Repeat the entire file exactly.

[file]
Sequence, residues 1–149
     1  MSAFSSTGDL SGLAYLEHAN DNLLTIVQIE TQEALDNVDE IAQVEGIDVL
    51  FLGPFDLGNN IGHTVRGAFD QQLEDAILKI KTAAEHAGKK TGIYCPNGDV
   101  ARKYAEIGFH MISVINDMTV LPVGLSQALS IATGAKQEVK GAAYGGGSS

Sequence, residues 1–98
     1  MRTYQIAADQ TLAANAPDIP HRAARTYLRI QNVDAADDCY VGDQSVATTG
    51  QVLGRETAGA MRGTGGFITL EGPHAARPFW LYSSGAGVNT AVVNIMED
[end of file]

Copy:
Sequence, residues 1–149
     1  MSAFSSTGDL SGLAYLEHAN DNLLTIVQIE TQEALDNVDE IAQVEGIDVL
    51  FLGPFDLGNN IGHTVRGAFD QQLEDAILKI KTAAEHAGKK TGIYCPNGDV
   101  ARKYAEIGFH MISVINDMTV LPVGLSQALS IATGAKQEVK GAAYGGGSS

Sequence, residues 1–98
     1  MRTYQIAADQ TLAANAPDIP HRAARTYLRI QNVDAADDCY VGDQSVATTG
    51  QVLGRETAGA MRGTGGFITL EGPHAARPFW LYSSGAGVNT AVVNIMED